10. Date fruits are also rich in minerals like calcium, manganese, copper, and magnesium. Calcium is an important mineral that is an essential constituent of bone and teeth and is required by the body for muscle contraction, blood clotting, and nerve impulse conduction. The human body uses manganese as a co-factor for the antioxidant enzyme, superoxide dismutase. Copper is required for the production of red blood cells. Magnesium is essential for bone growth.

  11. Further, the fruit has moderate levels of the B-complex group of vitamins as well as vitamin K. It contains healthy amounts of pyridoxine (vitamin B-6), niacin, pantothenic acid, and riboflavin. These vitamins are acting as cofactors to help the body metabolize carbohydrates, protein, and fats. Vitamin K is essential for many coagulant factors in the blood as well as in bone metabolism.

See the table below for in depth analysis of nutrients:

Dates (Phoenix dactylifera), medjool, Nutritive Value per 100 g.

(Source: USDA National Nutrient data base)

Principle Nutrient Value Percent of RDA
Energy 277 Kcal 14%
Carbohydrates 74.97 g 58%
Protein 1.81g 3%
Total Fat 0.15 g <1%
Cholesterol 0 mg 0%
Dietary Fiber 6.7 g 18%
Folates 15 µg 4%
Niacin 1.610 mg 10%
Pantothenic acid 0.805 mg 16%
Pyridoxine 0.249 mg 19%
Riboflavin 0.060 mg 4.5%
Thiamin 0.050 mg 4%
Vitamin A 149 IU 5%
Vitamin C 0 mg 0%
Vitamin K 2.7 µg 2%
Sodium 1 mg 0%
Potassium 696 mg 16%
Calcium 64 mg 6.5%
Copper 0.362 mg 40%
Iron 0.90 mg 11%
Magnesium 54 mg 13%
Manganese 0.296 mg 13%
Phosphorus 62 mg 9%
Zinc 0.44 mg 4%
Carotene-ß 89 µg --
Crypto-xanthin-ß 0 µg --
Lutein-zeaxanthin 23 µg --

Selection and storage

dates date palm
Delicious dates.

Dates can be readily available in the groceries year-round. However, some varieties of fresh, soft, good-quality fruits are only available from September through December. In certain dry regions of Africa, dates gathered while just reaching maturity and allowed to ripen inside the jars.

In the stores, one may come across soft, semi-dry, and dried types displayed for sale. At home, store them at room temperature inside an air-seal container in a cool place where they can keep well for several months.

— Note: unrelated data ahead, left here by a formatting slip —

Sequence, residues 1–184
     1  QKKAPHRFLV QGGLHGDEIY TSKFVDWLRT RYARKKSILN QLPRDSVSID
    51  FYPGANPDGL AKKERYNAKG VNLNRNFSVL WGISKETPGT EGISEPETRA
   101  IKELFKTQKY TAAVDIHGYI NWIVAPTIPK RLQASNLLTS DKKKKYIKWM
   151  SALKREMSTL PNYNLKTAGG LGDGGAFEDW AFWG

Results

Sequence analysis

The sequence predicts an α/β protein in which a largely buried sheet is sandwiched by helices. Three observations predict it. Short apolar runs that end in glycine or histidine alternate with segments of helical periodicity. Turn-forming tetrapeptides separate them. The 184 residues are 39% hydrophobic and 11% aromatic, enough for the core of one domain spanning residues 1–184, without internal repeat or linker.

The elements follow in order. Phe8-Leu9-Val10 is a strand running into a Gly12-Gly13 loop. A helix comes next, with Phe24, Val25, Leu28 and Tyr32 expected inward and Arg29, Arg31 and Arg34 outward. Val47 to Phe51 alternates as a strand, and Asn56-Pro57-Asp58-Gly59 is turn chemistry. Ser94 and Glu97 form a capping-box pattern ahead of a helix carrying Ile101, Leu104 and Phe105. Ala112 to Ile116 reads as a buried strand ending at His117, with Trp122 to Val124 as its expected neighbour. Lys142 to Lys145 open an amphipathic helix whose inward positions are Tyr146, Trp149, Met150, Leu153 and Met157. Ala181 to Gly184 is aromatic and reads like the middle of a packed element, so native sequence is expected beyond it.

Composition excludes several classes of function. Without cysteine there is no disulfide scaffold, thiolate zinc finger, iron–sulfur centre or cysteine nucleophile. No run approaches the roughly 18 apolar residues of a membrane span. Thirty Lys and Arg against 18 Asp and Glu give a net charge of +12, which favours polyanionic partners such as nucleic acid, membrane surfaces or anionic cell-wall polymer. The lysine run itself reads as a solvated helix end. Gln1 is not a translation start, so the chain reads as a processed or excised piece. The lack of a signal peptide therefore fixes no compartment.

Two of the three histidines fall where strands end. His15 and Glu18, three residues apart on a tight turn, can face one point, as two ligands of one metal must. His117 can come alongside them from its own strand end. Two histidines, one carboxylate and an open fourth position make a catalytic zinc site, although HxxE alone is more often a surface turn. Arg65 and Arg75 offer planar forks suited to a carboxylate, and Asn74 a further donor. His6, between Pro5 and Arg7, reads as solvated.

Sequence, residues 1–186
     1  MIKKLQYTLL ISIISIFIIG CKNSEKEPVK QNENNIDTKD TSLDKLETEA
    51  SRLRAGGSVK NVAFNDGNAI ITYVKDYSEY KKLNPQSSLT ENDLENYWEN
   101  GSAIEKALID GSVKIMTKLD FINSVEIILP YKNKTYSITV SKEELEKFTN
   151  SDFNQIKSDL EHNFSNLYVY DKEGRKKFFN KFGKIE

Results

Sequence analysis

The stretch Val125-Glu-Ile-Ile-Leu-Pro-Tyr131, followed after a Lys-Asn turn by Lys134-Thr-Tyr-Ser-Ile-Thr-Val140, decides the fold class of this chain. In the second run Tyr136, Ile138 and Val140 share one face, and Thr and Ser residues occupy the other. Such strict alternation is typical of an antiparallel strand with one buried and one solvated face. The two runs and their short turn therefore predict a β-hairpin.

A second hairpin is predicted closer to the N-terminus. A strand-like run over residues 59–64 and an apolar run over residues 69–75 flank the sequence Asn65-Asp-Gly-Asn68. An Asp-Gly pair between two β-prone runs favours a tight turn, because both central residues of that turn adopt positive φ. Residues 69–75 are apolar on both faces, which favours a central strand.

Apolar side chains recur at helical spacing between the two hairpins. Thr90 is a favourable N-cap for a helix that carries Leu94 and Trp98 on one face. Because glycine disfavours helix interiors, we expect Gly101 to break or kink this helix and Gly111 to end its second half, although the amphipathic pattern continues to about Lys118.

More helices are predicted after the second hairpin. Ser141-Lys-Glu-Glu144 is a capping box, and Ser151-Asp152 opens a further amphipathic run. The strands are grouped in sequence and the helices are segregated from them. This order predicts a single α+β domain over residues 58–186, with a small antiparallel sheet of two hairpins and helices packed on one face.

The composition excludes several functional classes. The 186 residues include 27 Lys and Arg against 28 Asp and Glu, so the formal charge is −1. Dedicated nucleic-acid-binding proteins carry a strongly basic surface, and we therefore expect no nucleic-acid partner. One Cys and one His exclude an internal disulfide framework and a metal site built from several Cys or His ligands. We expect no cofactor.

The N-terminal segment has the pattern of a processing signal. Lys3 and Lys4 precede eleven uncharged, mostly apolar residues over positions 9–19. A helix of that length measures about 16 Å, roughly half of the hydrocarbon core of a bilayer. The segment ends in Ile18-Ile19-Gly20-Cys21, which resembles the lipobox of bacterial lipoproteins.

Preparation and serving method

High-quality dates handpicked directly from the fruit bunch and sold as a premium variety in the markets. On a commercial scale, most are harvested by cutting the entire cluster, fumigated, cleaned, graded, packed, stored under refrigeration, and released to markets according to demand.

Here are some serving tips:

  • Dry and soft dates are usually eaten out of hand without any add-ons.

  • Pitted dates can be stuffed with fillings such as almonds, walnuts, candied orange and cream cheese.

  • They can also be chopped and added to fruit salad and in a range of sweet and savory dishes.

  • Dates are also being used to prepare juice and Jallab (a type of syrup popular in the Middle East and made from dates, grape molasses, and rose water).

Safety profile

Date fruit allergy is a rare occurrence. The fruits are safe to eat in infants and pregnant women. However, in some sensitized individuals to birch family pollen, exposure to date palm pollen may elicit cross-hypersensitivity reactions. For the same reason, avoid any food preparations that contain date palm products in these people.(Medical disclaimer).

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Further reading and Resources:

  1. United States National Nutrient Database for Standard Reference.

  2. Phoenix dactylifera: An update of its indegenous uses, phytochemistry and pharmacology. umber-1/phoenix-dactylifera-an-update-of-its-indegenous-uses-phytochemistry- and-pharmacology.html.